The Japanese people didn't get the idea from Star Trek

by Michael S. Kaplan, published on 2015/06/30 15:18 +00:00, original URI: http://www.siao2.com/2015/06/30/8770668856267196598.aspx


rt Over the past few years, I have had the question asked four different times, in surprisingly similar ways, where people would look at Ro Laren of Bajor (played by Michelle Forbes) or Kira Nerys of Bajor (played by Nana Visitor) and ask whether that "more traditional" reversing of names that I mentioned in my 2008 blog post What's in a Name for Japanese and wondering whether that's where they got the idea from.

Whether the Japanese people were inspired by characters in Star Trek.

Well, I don't ordinarily feel comfortable speaking for the Japanese on matters relating to anything but calendars, but I feel like I have millennia on my side when I say that Japan was doing it first!

Just to take the Japanese given name Miho, which I see 25 of in the Microsoft global address book, I may not know whether any or all of them would prefer the name pattern of <surname><given name> when writing their name in Japanese even if they use the pattern of <given name><surname> when writing their name in English, I do have some known celebrities that I can look up in Wikipedia.

Like

Miho Saeki (佐伯美穂 Saeki Miho) the now retired tennis player

or

Miho Hatori (羽鳥 美保 Hatori Miho) is a professional singer

These are just two examples of internationally known people from Japan who clearly have chosen to live across the American/Japanese line with name order issues covered. Miho (みほ, ミホ) is a feminine Japanese given name.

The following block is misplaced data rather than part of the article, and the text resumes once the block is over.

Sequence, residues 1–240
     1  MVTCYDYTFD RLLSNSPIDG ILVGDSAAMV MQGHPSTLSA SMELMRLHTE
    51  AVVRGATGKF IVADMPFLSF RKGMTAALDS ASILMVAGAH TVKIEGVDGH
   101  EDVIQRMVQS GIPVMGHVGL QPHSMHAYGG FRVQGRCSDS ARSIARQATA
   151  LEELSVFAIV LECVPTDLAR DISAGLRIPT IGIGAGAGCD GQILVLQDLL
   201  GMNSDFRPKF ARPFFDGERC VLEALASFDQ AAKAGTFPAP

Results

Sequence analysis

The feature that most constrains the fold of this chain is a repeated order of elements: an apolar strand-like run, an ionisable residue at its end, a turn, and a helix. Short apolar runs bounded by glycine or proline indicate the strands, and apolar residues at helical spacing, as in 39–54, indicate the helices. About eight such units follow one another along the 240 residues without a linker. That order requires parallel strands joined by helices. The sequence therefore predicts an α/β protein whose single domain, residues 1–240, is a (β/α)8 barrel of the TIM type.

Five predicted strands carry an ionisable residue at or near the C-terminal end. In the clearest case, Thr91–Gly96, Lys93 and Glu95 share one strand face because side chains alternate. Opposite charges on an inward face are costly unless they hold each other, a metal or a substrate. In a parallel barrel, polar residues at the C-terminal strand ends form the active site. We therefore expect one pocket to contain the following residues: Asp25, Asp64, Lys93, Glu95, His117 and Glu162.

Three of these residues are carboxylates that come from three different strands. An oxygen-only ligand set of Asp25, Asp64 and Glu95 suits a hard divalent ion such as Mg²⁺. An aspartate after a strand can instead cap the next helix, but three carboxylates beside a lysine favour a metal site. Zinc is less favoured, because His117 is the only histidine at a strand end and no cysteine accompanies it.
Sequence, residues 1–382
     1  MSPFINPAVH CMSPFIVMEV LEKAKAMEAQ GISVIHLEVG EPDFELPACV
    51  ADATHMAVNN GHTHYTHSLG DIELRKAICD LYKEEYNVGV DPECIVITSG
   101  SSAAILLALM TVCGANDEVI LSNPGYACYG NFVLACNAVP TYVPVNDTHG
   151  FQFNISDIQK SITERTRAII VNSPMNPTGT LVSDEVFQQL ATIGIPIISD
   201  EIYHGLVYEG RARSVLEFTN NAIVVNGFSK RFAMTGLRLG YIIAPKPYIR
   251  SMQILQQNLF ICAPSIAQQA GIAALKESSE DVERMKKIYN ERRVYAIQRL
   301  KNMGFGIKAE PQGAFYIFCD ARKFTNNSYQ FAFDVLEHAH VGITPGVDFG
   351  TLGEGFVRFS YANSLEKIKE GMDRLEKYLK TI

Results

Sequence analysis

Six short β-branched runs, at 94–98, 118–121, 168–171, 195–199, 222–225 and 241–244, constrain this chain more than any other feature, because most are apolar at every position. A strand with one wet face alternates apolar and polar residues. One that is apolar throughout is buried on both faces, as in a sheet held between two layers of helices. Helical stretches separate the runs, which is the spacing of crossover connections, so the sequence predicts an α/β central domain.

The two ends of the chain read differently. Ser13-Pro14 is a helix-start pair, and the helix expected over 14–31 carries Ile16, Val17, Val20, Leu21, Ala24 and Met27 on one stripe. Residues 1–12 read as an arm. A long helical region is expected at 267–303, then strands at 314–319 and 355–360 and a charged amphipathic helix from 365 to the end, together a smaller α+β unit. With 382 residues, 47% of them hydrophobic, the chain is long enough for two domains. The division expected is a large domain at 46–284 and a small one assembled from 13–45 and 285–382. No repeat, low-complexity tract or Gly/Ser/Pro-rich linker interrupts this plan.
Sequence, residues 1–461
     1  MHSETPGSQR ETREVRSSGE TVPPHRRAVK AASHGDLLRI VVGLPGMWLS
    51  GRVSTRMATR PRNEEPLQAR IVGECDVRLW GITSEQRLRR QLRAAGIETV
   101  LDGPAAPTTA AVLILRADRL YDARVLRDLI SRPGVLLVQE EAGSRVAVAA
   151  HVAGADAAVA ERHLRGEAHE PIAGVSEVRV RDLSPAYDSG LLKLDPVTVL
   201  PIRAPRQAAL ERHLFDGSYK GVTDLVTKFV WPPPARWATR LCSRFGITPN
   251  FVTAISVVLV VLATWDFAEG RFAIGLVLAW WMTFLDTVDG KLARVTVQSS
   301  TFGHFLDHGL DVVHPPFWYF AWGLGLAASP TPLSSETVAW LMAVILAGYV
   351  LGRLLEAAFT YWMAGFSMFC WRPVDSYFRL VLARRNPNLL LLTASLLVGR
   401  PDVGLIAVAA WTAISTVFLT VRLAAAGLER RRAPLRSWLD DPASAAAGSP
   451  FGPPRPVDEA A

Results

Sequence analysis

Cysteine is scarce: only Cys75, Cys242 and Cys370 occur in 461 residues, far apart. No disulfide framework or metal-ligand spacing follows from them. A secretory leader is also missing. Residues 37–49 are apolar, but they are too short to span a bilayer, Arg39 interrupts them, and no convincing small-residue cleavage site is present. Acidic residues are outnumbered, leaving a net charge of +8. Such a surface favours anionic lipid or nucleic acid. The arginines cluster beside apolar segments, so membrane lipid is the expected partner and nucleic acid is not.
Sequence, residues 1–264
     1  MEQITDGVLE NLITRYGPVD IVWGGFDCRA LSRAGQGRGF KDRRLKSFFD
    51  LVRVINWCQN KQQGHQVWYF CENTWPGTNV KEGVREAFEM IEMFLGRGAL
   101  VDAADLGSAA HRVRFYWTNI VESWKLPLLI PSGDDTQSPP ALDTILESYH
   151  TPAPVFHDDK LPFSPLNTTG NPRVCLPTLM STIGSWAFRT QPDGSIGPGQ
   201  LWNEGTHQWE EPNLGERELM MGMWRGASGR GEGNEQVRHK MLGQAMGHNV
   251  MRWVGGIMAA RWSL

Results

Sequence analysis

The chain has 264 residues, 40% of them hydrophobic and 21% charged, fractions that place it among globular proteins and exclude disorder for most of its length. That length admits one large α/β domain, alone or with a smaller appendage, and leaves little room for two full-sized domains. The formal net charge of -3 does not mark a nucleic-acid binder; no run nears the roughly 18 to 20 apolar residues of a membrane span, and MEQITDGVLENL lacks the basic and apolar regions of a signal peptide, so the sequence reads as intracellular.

Miho can be written using different kanji characters and can mean: •実穂, "truth, ear of grain" •美穂, "beauty, ear of grain" •美保, "beauty, care" •未歩, "future (part of the word 未来), step" •美帆, "beauty, sail" •美歩, "beauty, walk"

The name can also be written in hiragana or katakana although the examples I found were not.

Is the "name reversal" depending on culture based on assimilation of culture or convenience or tradition or whatever and trying to analyze it kinda pointless to anyone who is not a cultural anthropologist who individuals from Japan might disagree with anyway?

It is most obviously an important localizability issue and a crucial World-Readiness issue to support whatever the hell the individual wants here, in particular given the long established precedent of what so many people in Japan have been doing for so long.

Fans of the Star Trek universe may have the fictional future of the United Federation of Planets owned by Paramount on their side.

But the Japanese people were doing it first. If anything, someone writing for Gene Roddenberry's universe got the idea from someone in Japan.

But if happen to see Michelle Forbes

or Nana Visitor

in costume at a ComicCon you can and should feel free to ask them what their opinion is.

You can tell them I sent you....


# Michael S. Kaplan on 2015-06-30 21:26:32:

from friend and colleague Brendan Elliott - Brendan Elliott Heh. The upper classes in Japan had been doing that for at least a thousand years, although if I recall properly, most commoners didn't actually get last names until the Edo period. Instead of occupations or "son of ~" as the "default last names" like you got many parts of the West, many Japanese last names are just whatever was nearby you geographically. Tanaka (田中) for example is literally "rice field + middle". When naming children in Japan, you can literally pick the sound you like and then pick whatever the heck characters you want that can make that sound. This includes the usage of rare pronunciations that don't appear in normal (non-name) words. In some cases, there can be literally ~20 ways to pronounce the same character when used in names... We went through this process using large multi-indexed naming books when we named our two kids.

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